Wish me luck. Check back in with this post for updates.

Choosing settings

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I’m here for a purpose. I have a story in mind that takes place in the south of France. I’ve been researching the area and had made some decisions about how things were going to go. But the purpose for being here was to check things out, to learn what’s actually here. The difference between reading a map and walking the path.

There’s also knowing something and, well, KNOWING something. Avignon was not part of Provence during the 15th century. It was a Papal territory. I knew this. And yet, I’d been planning on setting my story in Provence because of the presence of King René and so I’d use Avignon. And then I toured Villeneuve-lès-Avignon. This is an interesting city to set my story in! Actually in Provence, unlike Avignon. But I knew that.

Entrance to the walled, fortified city of Villeneuve-lès-AvignonGardens in the former Abbey there.Looking across to Avignon and the Palace of the PopesA chapel for one of the saints that predated the abbeyRelaxing in the gardens after the tour

Not going to be a setting, at least, not a primary one. But so cool! Two thousand years of history and this hand built bridge that also worked as a life source providing water for cities for a thousand years. Man, just cool.

Pont du Gard. I’m sure I’ll have to use this bridge because, cool!

This is a tunnel cut — by hand, remember — through solid rock to help carry the water towards Nîmes

Looking Forward to 2018

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Last year, I accomplished some big things. I published my first novel to Amazon, A Call of Moonhart, I finished one draft and one rewrite of a book I’m calling Harmony in Three Voices, and I began the research for my next novel series.

It’s possible that I’ll get Harmony published in 2018. It’s pretty rough and a lot will depend on what my writing group says about the story. It would be great to have another novel out there but publication will depend, in large part, on my ability to split focus between researching, rewriting, and editing.

I would also like to do more on this blog. I have a new camera and have been taking pictures. I’d like to get some of them up on the site. I’d also like to get a different WordPress templated going. Neither of those  things — going through photos or updating WordPress — are simple tasks. Wish me luck!

I’ve written about that new series before and about my trip to France. The trip is on. I’ve bought the tickets and I’ve arranged lodging. I’m landing in Bordeaux and will travel across the south of France, checking out castles, medieval cities, monasteries and convents, and just getting a sense of the place until I fly home from Nice.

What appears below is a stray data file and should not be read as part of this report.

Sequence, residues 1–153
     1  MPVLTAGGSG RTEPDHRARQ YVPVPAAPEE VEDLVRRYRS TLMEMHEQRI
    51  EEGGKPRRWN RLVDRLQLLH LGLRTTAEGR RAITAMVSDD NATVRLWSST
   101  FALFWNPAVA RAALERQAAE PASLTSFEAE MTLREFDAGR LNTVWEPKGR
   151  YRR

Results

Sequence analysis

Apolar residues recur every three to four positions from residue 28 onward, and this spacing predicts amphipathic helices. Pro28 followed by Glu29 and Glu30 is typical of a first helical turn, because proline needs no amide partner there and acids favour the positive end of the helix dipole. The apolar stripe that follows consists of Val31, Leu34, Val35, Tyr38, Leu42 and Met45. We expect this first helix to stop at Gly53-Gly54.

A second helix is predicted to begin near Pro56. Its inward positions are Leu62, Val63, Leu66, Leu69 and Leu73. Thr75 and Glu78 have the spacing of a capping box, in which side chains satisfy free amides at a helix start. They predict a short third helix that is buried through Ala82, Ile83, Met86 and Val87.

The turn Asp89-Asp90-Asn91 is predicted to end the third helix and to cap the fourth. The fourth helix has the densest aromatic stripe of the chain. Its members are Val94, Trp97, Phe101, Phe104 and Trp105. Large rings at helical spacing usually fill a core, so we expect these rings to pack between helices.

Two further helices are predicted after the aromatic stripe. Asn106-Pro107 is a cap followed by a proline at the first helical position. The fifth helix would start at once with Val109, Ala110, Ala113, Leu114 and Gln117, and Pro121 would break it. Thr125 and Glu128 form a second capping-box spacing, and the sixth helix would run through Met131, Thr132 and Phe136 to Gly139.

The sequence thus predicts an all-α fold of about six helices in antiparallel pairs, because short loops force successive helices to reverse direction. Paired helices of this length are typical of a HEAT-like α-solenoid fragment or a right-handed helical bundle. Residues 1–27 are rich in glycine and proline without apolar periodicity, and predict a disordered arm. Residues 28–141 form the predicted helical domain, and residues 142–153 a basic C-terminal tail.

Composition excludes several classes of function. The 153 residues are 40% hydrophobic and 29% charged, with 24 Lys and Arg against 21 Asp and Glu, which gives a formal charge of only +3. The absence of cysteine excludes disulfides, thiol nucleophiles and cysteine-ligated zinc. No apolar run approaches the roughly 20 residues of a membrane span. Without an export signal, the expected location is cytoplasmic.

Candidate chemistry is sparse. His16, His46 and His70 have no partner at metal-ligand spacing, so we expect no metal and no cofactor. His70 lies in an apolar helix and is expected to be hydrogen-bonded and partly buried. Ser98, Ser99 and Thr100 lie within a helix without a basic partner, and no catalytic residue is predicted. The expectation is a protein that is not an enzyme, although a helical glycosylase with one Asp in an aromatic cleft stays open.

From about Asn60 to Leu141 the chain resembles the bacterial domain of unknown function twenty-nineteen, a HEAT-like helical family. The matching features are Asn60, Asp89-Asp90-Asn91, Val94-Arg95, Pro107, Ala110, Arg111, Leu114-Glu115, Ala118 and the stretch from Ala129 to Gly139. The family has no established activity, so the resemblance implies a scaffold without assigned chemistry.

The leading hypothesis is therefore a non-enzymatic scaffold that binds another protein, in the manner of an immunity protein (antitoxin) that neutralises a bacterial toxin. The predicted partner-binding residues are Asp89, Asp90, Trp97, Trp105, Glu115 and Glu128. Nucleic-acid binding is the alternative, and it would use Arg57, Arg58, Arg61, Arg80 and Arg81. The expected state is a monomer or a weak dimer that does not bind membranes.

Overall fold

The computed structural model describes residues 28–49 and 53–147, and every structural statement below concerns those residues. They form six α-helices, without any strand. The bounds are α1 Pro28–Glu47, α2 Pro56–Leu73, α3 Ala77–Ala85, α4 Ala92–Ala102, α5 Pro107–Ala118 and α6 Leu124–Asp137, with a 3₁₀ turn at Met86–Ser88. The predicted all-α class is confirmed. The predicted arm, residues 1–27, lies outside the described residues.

I have a number of goals for the trip. Research for the novels is the biggest aspect, but I’m hoping that the trip itself will lend itself to other writing goals while I’m there. One of those goals for the trip is a travelogue. I’ll used WordPress to get words and some photos up on the blog while I’m traveling. It will be limited only by what I can do with the app as I’m not taking a computer with me. Look for that to begin in early summer. Another goal is material for other sorts of travel writing. The notes I have on the trip itself could lend itself to articles in various publications. What and when will be a function of the adventure itself!

This is a business trip and I hope to get a number of “products” out of it. But it is also an adventure! I’m anxious and excited for that adventure to begin. It starts in just a few months and there are MILES to go before takeoff, in terms of research and my own education. These next months will fly by.

Stay tuned.

Update on the Historical Novel(s)

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This has not been an easy summer, in any number of ways. Obviously, blogging has been one of those elements that has suffered over the summer. But this is a good forum for me to discuss the current project and what my plans for it are. So, here goes:

I’ve previously mentioned that I’m researching what will be a series of historical novels, set in Provence in the 1440s. Probably mysteries, possibly thrillers, maybe “just” historical fiction. It depends on whether the puzzle takes my fancy, the chase, or the milieu itself. It has been pointed out to me that, of the elements that make up the MICE of fiction (Milieu, Idea, Character, Event) that for me, the milieu often battles it out for first place over the Idea.